Preparing for the weekend, Mayor Jacob Frey declared an 8 p.m. curfew for Friday and Saturday night, which is into effect through 6 a.m. Saturday and Sunday morning.
Law enforcement, fire, medical personnel, and additional personnel authorized by the city are exempt from the order, as are those seeking care, fleeing dangerous circumstances, or experiencing homelessness. Being in public places and streets past 8 p.m. can be punished by a $1,000 fine and up to 90 days in jail.
The public has been calling for the arrest of Chauvin for days, with many arguing that he hadn’t been treated as a typical citizen would have been. In response to the outrage, Hennepin County Attorney Mike Freeman said it is the fastest the office has ever charged a police officer.
“We have now been able to put together the evidence that we need. Even as late as yesterday afternoon we didn’t have all that we needed. We have now found it. And we felt the responsibility to charge this as soon as possible,” Freeman said during the press conference.
The evidence gathered includes the widely circulated video, the body-worn camera footage, statements from witnesses, the preliminary autopsy report, and discussions with an expert.
“I am not insensitive to what’s happened in the streets. My own home has been picketed regularly,” Freeman said. “We cannot and I will not allow us to charge a case until it’s ready. This case is now ready, and we have charged it.”
As the investigation is ongoing, there may be subsequent charges later, he said. Freeman would not comment on the investigation or any pending charges to the other three former police officers involved in the killing of George Floyd.
“[Chauvin] had his knee on Mr. Floyd’s neck for 8 minutes and 46 seconds in total. Two minutes and 53 seconds of this was after Mr. Floyd was non-responsive. Police are trained that this type of restraint with a subject in a prone position is inherently dangerous,” the criminal complaint stated.
The complaint also detailed how Floyd was held at gunpoint, handcuffed, and was pulled from the police car and held to the ground by Chauvin.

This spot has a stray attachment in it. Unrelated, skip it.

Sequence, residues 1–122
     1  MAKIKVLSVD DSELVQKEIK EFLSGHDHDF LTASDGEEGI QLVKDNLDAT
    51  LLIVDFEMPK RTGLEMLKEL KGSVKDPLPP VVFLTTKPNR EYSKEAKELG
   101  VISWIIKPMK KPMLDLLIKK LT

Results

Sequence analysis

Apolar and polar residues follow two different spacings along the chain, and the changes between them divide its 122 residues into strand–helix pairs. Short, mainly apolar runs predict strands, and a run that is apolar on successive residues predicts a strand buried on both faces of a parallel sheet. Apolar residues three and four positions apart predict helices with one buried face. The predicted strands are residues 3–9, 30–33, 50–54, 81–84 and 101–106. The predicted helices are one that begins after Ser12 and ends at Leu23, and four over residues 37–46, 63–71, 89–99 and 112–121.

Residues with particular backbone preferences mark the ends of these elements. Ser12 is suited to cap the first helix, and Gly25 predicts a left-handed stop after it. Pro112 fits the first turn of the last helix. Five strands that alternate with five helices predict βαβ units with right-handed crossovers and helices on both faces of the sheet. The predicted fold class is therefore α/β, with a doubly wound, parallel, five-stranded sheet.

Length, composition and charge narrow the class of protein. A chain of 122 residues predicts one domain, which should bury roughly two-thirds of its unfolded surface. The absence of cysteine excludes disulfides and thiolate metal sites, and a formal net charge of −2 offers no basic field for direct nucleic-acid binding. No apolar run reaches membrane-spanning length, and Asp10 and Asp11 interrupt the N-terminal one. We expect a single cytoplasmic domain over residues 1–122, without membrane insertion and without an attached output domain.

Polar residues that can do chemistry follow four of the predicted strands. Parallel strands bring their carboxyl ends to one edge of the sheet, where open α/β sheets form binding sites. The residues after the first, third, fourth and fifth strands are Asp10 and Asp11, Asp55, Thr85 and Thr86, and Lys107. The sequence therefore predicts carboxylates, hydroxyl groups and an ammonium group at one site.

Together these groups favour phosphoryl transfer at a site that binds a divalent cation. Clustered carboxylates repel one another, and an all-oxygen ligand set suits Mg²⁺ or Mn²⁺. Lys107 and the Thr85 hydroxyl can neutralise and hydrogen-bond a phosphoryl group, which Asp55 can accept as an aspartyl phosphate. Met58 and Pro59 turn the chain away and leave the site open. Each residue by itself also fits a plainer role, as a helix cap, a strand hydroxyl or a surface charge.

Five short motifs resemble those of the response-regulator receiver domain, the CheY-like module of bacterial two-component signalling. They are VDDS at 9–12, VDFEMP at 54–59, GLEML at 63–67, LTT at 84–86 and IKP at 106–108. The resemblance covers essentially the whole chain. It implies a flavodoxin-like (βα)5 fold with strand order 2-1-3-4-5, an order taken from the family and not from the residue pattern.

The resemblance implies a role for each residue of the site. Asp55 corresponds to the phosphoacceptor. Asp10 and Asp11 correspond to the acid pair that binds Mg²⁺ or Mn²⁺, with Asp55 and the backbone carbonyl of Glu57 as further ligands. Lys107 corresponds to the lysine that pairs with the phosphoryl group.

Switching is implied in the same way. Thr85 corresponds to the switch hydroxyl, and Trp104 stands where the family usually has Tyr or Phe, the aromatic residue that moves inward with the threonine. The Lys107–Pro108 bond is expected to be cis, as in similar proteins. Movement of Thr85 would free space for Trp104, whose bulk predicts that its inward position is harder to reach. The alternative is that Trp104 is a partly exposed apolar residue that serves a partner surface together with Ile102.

“The investigation is ongoing. We felt it appropriate to focus on the most dangerous perpetrator,” Freeman said.
The events that unfolded this week have left some calling for drastic changes. Minnesota state Rep. Aisha Gomez, for instance, has called for the abolition of police.
“There is no reform that can fix this system,” she said in a statement this week. “The rot in police departments is the rot in our political and social systems, crystallized and heavily armed. It is a reflection of our country, built on the enslavement of African people and the genocide and dispossession of Native people, reliant on exploited immigrant labor to enforce the racialized social order and help the powerful accumulate wealth. The police exist to uphold this social order, with deadly force when necessary.”
In a press conference today, Gov. Tim Walz called for reestablishing order in the Twin Cities. He also apologized for the arrest of a CNN reporter and crew by the state patrol.
“Minnesotans, your pain is real. The chapter that’s been written this week is one of our darkest chapters,” Walz said.
The governor noted that he is prepared to offer state assistance to businesses who have been affected by this week’s protests.
During the press conference, Minnesota attorney general Keith Ellison called for people to examine the reasons leading to riots.
“Martin Luther King said many years ago that riot is the way that the unheard get heard. He didn’t condone it, but he said to the nation as a person who always protested peacefully. Don’t just dismiss that and ignore it and relegate it to just criminality and bad behavior. Actually ask yourself what’s going on there. Is it something that we as a society absolutely must pay attention to?” Ellison said.